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Investigating the sustained impact of the physical cellular microenvironment on the structure and function of a hepatocellular carcinoma cell line.

ALLCOCK, BENJAMIN,PHILIP (2022) Investigating the sustained impact of the physical cellular microenvironment on the structure and function of a hepatocellular carcinoma cell line. Doctoral thesis, Durham University.

Full text not available from this repository.
Author-imposed embargo until 07 February 2023.

Abstract

Mechanotransduction defines the functional activity of cells by altering gene expression in accordance with cellular structure. With this in mind, a novel in vitro model has been developed where cells are ‘primed’ to a three-dimensional (3D) phenotype through growth on a biologically inert 3D substrate before liberation and reseeding into a secondary culture. To characterise this protocol, the structural and functional effects of 3D priming were evaluated on the HepG2 hepatocellular carcinoma cell line, frequently used for in vitro liver research on drug discovery and pathology.

It was found that through using a 3D priming model, cells adopted a mechanical and functional memory based on the historical physical microenvironment. HepG2 cells primed in 3D demonstrated altered cytoskeletal organisation and cell morphology after reseeding, with cell populations more readily forming 3D structures compared to cells reseeded from conventional two-dimensional (2D) substrates. Global gene expression was significantly altered in the priming model, with enrichment of mechanical and structural genes occurring in 2D HepG2 cells compared to enrichment in key genes involved in hepatic metabolism and biosynthesis in the 3D primed HepG2 cells. 3D priming also resulted in enhanced production of the liver specific biomarkers albumin and urea; even within secondary 3D spheroid cultures. Metabolic activity was significantly altered through priming, with the 3D priming model showing decreased sensitivity to xenobiotic toxicity, though this difference balanced out in the secondary models.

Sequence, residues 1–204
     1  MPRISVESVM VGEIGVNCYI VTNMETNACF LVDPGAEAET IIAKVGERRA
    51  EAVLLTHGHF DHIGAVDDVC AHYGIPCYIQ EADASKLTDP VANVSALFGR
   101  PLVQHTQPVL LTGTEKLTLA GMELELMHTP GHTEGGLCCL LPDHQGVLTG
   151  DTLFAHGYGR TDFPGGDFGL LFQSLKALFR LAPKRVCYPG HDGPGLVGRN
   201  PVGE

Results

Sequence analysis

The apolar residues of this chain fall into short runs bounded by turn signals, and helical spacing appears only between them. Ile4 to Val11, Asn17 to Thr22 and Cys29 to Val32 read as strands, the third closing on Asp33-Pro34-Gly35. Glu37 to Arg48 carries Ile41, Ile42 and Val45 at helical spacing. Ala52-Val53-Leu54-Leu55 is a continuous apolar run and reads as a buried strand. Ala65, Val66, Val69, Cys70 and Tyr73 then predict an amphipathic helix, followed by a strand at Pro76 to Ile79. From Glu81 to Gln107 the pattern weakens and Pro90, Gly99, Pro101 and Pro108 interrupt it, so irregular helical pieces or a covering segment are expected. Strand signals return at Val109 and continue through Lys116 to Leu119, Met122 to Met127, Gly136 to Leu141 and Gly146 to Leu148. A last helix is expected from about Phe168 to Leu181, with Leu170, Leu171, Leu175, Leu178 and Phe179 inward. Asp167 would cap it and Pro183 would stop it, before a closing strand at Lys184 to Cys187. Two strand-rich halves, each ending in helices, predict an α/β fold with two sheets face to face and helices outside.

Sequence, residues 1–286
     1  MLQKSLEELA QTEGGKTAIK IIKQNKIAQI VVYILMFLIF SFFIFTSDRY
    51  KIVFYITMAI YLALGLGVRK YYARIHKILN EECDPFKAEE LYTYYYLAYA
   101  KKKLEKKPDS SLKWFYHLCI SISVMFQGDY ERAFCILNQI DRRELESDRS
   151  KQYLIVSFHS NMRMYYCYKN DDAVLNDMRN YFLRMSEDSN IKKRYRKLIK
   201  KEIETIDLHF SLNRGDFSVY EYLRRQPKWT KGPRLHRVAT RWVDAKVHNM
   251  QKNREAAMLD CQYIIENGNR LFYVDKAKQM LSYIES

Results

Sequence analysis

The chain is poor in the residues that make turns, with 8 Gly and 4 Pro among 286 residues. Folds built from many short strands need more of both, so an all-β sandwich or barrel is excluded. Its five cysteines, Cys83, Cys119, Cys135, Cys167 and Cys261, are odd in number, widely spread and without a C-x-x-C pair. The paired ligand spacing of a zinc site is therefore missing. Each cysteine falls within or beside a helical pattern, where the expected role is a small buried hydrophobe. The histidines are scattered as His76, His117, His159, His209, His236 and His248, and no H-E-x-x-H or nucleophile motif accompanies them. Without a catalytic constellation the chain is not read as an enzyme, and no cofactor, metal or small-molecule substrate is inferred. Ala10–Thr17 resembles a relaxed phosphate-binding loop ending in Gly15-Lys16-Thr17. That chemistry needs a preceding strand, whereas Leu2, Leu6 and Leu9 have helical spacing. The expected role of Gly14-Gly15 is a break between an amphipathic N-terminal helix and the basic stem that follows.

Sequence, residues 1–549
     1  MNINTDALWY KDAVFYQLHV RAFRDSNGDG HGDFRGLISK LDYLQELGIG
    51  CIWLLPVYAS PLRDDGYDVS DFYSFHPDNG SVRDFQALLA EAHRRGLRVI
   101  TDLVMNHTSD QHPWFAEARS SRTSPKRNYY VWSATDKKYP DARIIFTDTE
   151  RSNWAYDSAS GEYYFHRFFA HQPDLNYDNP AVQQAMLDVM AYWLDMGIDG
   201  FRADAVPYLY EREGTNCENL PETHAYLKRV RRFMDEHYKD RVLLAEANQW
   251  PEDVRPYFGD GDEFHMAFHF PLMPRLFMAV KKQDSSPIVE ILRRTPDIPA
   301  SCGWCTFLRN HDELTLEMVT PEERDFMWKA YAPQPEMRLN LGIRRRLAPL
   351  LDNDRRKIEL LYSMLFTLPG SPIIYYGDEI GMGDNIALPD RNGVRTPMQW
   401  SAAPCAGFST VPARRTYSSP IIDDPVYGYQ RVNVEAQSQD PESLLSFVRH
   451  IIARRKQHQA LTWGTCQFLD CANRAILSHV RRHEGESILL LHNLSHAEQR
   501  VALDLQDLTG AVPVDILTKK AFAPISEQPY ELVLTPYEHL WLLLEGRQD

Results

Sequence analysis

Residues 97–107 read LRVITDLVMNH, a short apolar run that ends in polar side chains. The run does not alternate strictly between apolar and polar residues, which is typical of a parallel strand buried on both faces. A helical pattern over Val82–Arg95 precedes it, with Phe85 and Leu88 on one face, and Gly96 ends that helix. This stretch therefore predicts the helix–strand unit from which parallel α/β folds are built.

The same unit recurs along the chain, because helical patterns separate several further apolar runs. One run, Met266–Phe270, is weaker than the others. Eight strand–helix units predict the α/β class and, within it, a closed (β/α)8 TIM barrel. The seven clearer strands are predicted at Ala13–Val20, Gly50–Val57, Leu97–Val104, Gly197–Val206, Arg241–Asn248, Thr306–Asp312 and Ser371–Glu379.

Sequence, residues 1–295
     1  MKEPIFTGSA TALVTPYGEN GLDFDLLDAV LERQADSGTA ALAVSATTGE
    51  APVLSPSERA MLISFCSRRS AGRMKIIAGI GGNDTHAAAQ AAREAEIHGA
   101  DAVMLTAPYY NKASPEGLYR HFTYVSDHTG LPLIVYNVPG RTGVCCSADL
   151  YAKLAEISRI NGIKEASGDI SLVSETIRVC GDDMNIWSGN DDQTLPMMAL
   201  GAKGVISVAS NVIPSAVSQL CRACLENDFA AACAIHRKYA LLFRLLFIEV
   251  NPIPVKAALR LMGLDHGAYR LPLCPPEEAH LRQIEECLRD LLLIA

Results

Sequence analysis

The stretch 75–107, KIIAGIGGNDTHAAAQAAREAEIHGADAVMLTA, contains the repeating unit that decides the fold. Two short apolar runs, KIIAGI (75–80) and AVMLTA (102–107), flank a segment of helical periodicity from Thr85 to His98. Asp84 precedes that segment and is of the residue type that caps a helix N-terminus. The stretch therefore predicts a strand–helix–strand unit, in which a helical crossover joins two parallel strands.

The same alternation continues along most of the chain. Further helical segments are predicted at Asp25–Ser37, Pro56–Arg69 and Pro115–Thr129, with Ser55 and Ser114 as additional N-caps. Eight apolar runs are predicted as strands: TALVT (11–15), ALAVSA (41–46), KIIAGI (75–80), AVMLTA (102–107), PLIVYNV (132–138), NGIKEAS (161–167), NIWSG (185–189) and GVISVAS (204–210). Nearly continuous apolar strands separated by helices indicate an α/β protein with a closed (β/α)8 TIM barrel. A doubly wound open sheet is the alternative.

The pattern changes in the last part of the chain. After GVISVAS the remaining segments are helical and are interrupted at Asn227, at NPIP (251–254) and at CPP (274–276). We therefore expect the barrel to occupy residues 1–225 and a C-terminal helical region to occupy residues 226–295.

Overall, this study has shown that changing the substrate geometry impacts directly on cell structure and results in an altered transcriptional state in HepG2 cells that gives rise to a more physiologically relevant phenotype that is sustained even after enzymatic and mechanical disruption. This holds potential for improving the functionality of in vitro models and further elucidates the role of mechanotransduction in directing cell biology.

Item Type:Thesis (Doctoral)
Award:Doctor of Philosophy
Keywords:Cell biology, 3D cell culture, Biotechnology, Advanced Cell Culture, Next Generation Sequencing, RNAseq, Mechanotransduction, Liver,
Faculty and Department:Faculty of Science > Biological and Biomedical Sciences, School of
Thesis Date:2022
Copyright:Copyright of this thesis is held by the author
Deposited On:08 Feb 2022 10:09

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